Washington goes golf cart friendly
Published 7:10 pm Wednesday, December 12, 2018
Golf carts will soon be a viable means of travel for Washington residents following a unanimous decision of the Washington City council to adopt an ordinance governing their use on Monday. The ordinance came about through cooperation between the Washington Police Department and the city planning department.
“The concept of regulation actually comes from the state code,” Washington Police and Fire Services Director Stacy Drakeford explained. “The state has put out a law governing golf carts on city streets, and the city has to enact an ordinance to allow that.”
In order to use a golf cart within the city limits, drivers must be 18 years of age or older. Carts must be registered and inspected by the Washington Police Department. Liability insurance is also required for the vehicle and registered carts must be equipped with headlights, tail lights, brake lights, turn signals, seat belts, a parking brake, a rearview mirror and a windshield.
Under North Carolina state law, municipalities are allowed to permit and regulate the use of golf carts on public streets, roads and highways with posted speed limits of 35 miles per hour or less.
A disclaimer included in the ordinance states, “the city neither advocates or endorses the golf cart as a safe means of travel on public streets, roads and highways. The city shall in no way be liable for accidents, injuries or deaths involving or resulting from the operation of a golf cart.”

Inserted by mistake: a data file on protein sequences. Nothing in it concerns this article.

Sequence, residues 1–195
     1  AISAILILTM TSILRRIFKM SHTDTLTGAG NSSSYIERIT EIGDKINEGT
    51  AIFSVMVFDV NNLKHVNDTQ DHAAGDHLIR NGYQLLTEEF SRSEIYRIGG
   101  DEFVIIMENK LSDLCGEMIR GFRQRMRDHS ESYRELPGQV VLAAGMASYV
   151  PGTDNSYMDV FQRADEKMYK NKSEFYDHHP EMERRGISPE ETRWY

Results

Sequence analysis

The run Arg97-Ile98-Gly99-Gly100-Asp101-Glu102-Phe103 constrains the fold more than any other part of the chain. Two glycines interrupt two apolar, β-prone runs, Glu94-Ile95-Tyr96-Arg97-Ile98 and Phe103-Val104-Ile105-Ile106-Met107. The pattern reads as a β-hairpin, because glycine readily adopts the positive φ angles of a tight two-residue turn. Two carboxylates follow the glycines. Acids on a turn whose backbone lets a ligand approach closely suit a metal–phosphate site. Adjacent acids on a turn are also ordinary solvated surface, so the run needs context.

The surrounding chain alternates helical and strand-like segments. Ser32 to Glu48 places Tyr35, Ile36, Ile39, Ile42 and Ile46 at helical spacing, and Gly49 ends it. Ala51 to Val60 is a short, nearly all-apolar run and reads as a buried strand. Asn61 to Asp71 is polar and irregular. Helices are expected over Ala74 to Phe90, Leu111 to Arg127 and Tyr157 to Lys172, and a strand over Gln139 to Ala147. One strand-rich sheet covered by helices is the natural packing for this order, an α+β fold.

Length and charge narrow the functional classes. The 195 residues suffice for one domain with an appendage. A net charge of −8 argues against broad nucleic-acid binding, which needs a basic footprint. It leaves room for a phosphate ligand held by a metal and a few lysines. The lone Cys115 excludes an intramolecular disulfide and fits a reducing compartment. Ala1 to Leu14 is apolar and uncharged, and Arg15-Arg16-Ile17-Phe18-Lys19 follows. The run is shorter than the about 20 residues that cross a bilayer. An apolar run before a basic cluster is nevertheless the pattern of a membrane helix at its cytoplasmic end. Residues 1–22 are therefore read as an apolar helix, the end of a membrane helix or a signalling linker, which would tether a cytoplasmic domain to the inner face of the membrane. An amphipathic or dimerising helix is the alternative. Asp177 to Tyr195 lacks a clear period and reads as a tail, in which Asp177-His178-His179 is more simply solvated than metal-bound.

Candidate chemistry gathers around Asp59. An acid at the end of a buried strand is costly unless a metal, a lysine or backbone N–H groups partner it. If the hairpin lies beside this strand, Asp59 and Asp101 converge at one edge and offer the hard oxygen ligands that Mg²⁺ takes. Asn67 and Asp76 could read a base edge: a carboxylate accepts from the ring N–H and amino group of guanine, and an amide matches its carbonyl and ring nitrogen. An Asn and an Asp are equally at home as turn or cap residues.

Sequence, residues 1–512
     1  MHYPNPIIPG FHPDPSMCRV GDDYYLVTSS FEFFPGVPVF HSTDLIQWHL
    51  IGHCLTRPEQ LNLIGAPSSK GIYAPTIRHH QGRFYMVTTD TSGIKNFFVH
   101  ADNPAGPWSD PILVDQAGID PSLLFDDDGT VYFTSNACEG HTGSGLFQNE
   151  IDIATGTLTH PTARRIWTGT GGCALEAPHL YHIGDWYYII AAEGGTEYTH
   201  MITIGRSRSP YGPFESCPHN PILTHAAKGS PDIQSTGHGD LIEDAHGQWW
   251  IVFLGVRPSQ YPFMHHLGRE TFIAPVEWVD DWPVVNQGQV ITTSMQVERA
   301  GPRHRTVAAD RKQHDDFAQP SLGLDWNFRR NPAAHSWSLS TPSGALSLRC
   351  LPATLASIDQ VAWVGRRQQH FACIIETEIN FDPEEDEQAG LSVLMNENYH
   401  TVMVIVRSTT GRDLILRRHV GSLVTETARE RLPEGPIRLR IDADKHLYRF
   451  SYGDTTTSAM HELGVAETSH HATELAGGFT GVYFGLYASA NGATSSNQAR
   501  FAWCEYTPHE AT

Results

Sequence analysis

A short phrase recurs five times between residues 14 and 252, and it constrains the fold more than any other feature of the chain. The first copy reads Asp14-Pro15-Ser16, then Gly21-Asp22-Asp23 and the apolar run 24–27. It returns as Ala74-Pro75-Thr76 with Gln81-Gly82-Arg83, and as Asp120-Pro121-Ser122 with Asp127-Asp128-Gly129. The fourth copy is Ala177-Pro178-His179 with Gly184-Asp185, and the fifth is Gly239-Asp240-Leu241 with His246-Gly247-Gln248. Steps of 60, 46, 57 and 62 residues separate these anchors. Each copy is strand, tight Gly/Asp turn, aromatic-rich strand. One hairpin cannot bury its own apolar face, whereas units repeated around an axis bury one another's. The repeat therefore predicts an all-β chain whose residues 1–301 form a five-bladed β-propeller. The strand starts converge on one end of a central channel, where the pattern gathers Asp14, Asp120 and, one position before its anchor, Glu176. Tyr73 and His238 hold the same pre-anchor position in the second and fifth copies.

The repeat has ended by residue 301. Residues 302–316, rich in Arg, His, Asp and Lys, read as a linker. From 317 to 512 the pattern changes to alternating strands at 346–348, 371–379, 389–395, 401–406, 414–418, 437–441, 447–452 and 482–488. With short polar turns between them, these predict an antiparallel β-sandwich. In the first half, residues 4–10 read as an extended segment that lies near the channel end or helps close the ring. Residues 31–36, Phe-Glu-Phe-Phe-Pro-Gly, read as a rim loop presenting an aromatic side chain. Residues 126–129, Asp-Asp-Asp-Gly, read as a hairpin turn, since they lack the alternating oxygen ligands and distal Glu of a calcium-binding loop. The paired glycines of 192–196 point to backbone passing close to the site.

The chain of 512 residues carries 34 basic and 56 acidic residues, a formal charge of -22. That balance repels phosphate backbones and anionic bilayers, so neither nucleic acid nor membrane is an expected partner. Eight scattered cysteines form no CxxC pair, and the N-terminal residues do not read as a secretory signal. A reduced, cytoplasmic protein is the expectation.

The ordinance goes on to say that those who choose to operate golf carts on public streets does so at their own risk. ATVs, go-karts and other utility vehicles are not included under the ordinance.
OPERATION AND PARKING
Under the ordinance, all public streets in Washington will be accessible to golf carts with the exception of N.C. Highway 17 Business (Bridge Street and Carolina Avenue), 15th Street, Third Street and Fifth Street/John Small Avenue. Golf carts must be operated in accordance with all traffic laws.
“As long as everybody obeys the traffic laws that are in the North Carolina General Statutes and the city ordinances, there shouldn’t be any issues with golf carts on city streets,” Drakeford said. “We have restricted them to more of the secondary streets instead of our primary roads.”
According to the ordinance, golf carts will be subject to the same parking restrictions as other vehicles, including parking in designated spaces. “The city encourages the use of one parking space for two golf carts,” the ordinance reads.
Under city ordinance, the operator of a golf cart must yield the right of way to traditional motor vehicles and pedestrians.
While the ordinance formalizes the rules for operating a golf cart on city streets, it also stiffens the penalties for misuse. Of particular note is one section that states that anyone who knowingly allows an underage driver to operate a golf cart on city streets may be charged with contributing to the delinquency of a minor.
All traffic laws and penalties that apply to traditional motor vehicles also apply to golf carts, and city-issued permits may be revoked due to violations.
Drakeford said his office should be prepared to handle golf cart inspection and permitting after the first of the year.